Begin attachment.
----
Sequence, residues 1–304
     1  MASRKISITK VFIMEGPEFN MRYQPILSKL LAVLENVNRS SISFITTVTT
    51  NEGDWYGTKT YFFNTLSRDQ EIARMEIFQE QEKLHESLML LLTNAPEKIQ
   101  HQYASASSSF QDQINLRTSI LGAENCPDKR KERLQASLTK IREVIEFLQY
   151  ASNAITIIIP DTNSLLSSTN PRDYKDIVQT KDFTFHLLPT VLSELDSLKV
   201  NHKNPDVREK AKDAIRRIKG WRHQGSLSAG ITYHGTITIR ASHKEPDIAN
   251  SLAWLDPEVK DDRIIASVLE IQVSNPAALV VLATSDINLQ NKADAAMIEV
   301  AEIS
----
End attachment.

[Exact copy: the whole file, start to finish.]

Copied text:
Sequence, residues 1–304
     1  MASRKISITK VFIMEGPEFN MRYQPILSKL LAVLENVNRS SISFITTVTT
    51  NEGDWYGTKT YFFNTLSRDQ EIARMEIFQE QEKLHESLML LLTNAPEKIQ
   101  HQYASASSSF QDQINLRTSI LGAENCPDKR KERLQASLTK IREVIEFLQY
   151  ASNAITIIIP DTNSLLSSTN PRDYKDIVQT KDFTFHLLPT VLSELDSLKV
   201  NHKNPDVREK AKDAIRRIKG WRHQGSLSAG ITYHGTITIR ASHKEPDIAN
   251  SLAWLDPEVK DDRIIASVLE IQVSNPAALV VLATSDINLQ NKADAAMIEV
   301  AEIS